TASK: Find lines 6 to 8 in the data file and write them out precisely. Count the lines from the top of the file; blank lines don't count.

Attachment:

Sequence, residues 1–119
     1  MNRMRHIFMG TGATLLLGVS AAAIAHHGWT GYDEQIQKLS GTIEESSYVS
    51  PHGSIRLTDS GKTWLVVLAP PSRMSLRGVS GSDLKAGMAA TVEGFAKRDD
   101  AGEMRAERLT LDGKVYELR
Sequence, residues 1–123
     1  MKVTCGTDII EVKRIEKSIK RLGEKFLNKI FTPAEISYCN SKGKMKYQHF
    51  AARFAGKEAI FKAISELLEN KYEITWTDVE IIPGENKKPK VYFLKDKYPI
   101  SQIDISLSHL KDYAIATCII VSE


     1  MKVTCGTDII EVKRIEKSIK RLGEKFLNKI FTPAEISYCN SKGKMKYQHF
    51  AARFAGKEAI FKAISELLEN KYEITWTDVE IIPGENKKPK VYFLKDKYPI
   101  SQIDISLSHL KDYAIATCII VSE